China in major U-turn, or L-turn, or something


Both the South China Morning Post and the Standard understandably and rightly give front-page treatment to what is probably the biggest economic story of the year: the Chinese government has seen the error of its ways and will abandon its debt-binge stimulus policy, let zombie companies die, allow real-estate and commodities markets to serve their proper functions and – implicitly, at least – embark on real productivity-boosting reforms.

However, there’s a snag. The source is People’s Daily, which carries a prominent Q&A on the economy from an anonymous ‘authoritative’ figure in the leading space usually reserved for fawning coverage of Xi Jinping.

As Bloomberg points out, this is Mr Anonymous Economic Oracle’s third People’s Daily interview. The first was a year ago; he said the government was in full control and everything was fine – and weeks later the stock market collapsed. The second, last January, mentioned an ‘L-shape recovery’ (euphemism for ‘stagnation’) and urged ‘Supply-side reform’ (a euphemism for something, but it’s not clear what). The stock market crashed after that one, too.

Because these things appear on the front of the Chinese Communist Party’s official organ, everyone assumes they must have the approval of the senior leadership. But because they are anonymous, inconsistent in terms of content and opaque in meaning, and eerily presage stock market collapses, they simply increase uncertainty about what is happening behind the scenes on Planet Beijing. (George Magnus quoted by Bloomberg: ‘bizarre’.)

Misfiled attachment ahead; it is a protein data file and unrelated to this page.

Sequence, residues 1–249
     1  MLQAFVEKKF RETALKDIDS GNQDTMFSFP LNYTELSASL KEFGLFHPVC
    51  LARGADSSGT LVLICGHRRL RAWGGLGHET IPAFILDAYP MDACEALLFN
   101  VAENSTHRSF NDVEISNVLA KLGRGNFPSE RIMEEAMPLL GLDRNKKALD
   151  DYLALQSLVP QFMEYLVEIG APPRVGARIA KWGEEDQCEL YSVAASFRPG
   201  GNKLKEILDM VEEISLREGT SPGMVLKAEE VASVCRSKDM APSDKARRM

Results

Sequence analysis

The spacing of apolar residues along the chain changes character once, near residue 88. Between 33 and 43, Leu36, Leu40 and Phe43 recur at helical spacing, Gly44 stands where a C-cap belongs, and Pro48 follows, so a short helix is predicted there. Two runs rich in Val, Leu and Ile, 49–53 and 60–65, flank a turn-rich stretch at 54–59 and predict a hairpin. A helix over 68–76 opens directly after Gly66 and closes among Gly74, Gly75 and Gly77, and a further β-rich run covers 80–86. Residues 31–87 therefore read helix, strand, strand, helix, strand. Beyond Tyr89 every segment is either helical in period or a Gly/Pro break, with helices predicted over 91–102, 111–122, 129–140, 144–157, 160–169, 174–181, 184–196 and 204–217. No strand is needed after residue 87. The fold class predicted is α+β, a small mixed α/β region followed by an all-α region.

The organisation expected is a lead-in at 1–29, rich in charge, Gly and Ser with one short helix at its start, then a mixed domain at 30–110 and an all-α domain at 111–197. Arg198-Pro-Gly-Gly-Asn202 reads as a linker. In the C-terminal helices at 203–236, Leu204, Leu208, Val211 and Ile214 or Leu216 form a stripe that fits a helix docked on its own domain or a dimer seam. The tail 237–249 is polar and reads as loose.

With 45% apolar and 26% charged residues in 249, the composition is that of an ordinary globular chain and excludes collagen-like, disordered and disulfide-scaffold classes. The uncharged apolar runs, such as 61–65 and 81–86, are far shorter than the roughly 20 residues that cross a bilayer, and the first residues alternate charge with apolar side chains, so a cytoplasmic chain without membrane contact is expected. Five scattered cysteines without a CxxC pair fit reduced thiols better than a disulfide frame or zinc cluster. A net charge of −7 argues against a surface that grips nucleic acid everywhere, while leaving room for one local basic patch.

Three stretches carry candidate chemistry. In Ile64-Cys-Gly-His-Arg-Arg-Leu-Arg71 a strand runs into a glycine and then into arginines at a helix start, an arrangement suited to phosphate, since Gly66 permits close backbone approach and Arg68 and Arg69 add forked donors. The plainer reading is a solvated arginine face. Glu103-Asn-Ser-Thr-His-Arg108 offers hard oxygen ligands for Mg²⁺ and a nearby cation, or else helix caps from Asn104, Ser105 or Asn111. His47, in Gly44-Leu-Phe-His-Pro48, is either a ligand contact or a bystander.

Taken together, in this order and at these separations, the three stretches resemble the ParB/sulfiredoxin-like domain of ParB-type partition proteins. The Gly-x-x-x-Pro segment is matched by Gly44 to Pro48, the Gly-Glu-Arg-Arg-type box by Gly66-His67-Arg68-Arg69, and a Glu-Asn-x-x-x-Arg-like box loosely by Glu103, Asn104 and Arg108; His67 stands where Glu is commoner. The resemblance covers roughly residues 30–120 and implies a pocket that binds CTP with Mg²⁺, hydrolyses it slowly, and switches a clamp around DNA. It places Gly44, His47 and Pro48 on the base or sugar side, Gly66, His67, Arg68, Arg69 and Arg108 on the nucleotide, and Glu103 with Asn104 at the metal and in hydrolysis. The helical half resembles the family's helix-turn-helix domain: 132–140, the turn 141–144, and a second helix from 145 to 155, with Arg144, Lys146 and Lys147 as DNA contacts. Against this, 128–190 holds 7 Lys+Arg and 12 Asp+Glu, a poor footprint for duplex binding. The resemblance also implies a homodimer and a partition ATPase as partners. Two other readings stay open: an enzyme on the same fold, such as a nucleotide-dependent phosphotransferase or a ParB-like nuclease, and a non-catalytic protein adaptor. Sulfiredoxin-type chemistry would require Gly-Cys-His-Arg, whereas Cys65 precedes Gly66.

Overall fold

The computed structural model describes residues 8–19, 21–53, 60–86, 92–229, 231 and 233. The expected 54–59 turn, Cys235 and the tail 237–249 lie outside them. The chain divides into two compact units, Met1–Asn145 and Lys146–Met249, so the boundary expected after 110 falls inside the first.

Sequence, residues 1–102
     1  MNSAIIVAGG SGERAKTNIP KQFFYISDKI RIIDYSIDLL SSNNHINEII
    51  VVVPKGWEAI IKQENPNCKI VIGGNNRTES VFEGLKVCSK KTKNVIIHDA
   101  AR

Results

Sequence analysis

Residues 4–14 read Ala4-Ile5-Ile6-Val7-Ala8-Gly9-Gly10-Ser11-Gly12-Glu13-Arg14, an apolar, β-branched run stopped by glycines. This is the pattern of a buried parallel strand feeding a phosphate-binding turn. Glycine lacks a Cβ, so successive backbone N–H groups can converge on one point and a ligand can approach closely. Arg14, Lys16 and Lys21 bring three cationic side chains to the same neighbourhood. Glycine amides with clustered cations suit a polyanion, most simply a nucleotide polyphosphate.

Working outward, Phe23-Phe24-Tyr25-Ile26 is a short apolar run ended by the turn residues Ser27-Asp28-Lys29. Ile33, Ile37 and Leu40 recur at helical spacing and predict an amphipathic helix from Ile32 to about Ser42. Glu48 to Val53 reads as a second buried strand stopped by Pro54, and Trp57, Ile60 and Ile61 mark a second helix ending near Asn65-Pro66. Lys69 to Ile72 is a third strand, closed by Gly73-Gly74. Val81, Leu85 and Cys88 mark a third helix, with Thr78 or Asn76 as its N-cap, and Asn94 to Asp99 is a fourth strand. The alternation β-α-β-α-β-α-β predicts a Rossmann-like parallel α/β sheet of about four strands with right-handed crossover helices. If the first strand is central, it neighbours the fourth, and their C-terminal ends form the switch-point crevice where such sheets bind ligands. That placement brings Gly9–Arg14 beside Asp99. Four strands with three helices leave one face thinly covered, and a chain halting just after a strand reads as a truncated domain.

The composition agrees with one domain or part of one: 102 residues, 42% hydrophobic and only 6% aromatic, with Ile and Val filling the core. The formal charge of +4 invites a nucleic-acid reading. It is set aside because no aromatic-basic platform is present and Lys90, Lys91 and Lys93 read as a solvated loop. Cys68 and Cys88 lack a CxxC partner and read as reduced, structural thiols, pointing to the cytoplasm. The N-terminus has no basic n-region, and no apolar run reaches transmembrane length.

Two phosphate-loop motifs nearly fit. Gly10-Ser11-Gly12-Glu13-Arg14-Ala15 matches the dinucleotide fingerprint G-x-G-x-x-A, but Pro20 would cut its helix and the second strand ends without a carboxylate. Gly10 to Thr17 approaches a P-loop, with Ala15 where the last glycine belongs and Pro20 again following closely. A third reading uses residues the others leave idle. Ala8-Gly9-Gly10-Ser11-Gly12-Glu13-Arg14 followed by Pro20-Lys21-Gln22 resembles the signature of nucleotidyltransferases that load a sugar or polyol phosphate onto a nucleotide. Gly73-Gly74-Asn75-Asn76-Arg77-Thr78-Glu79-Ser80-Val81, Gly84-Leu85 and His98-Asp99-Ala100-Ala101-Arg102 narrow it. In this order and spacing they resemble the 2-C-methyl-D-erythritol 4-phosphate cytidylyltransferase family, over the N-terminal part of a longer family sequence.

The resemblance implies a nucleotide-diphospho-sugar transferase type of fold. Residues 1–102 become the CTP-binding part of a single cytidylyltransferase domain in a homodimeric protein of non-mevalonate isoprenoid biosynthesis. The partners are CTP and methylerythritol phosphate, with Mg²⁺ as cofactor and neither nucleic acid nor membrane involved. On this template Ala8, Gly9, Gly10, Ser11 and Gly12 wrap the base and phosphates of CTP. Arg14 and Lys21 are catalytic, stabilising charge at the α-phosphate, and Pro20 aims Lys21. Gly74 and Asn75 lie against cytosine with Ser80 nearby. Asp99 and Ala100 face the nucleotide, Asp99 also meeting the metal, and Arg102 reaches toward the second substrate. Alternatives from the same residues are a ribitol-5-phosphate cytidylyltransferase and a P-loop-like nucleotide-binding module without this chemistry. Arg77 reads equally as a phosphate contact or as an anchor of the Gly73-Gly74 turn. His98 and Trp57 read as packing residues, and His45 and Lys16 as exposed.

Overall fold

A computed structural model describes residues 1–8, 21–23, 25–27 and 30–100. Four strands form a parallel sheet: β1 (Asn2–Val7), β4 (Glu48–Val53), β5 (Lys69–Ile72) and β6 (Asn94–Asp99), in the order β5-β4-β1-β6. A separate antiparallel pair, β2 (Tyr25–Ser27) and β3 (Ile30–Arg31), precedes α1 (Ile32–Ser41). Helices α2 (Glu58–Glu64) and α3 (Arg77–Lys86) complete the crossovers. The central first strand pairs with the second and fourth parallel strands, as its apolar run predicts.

Rather than reassure us, the People’s Daily Q&A raises the possibility that things are worse than we thought. It could mean China’s leaders are on top of the situation. But it could also mean there is a major conflict going on about whether and how to change course – or it could mean the leadership is too petrified to wean the economy off the Great Ball of Money, and is resorting to propaganda-lies to keep face and buy time. We don’t know.

(It’s like the recent concert of Cultural Revolution-style Red Songs. It was held in the Great Hall of the People under the auspices of the Ministry of Culture, yet apparently was not authorized by anyone. Something’s going on, but no-one has a clue what.)

Apologists claim that, compared with clunky and ineffective democracies, the totalitarian CCP system enables the leadership to exercise full decisiveness and competence. But it could just as easily mask a bunch of panicky bumblers making it up as they go along. The real problem is that we have no way of knowing which it is.

It pains me to think that I live in the same city as the shockingly negative folks posting the most utterly cynical comments under the SCMP report…


This entry was posted in Blog. Bookmark the permalink.

5 Responses to China in major U-turn, or L-turn, or something

  1. mjrelje says:

    L shaped flat line…? I think that’s a tad optimistic. The only way you can really look at it is for an I-shape drop 🙂

  2. Rearranging the deck chairs on the Titanic?

    The Chinese are a very intellectual people, constantly searching for the magic concept, idea, formula, doctrine. This belies the common notion that they are pragmatic, realistic, down-to earth. Combined with communism, this intellectuality leads to constant re-formulations, recasting of ideas, new dogmas, slogans and even movements. The sad fact is that Chinese societies are fundamentally chaotic and ideas can’t save them. The best way to subvert China is to feed it a constant stream of magical ideas, pseudo-science, technological gadgets and wonder drugs.

  3. C.Law says:

    One of the things Beijing is doing and allowing or encouraging its private sector to do is buying up assets in the USA (and other places).

    That is a repeat of what the Japanese did in the 1980’s – much to the alarm of many Americans at the time. However, it didn’t work out too well for the Japanese.

  4. Chinese Netizen says:

    All the “dislike” votes in the last comment are from South China People’s Morning Post editors.

  5. @Chinese Netizen – It would be interesting to know whether those giving the likes and dislikes recognise satire when they see it, or simply take the comment at its face value.

Comments are closed.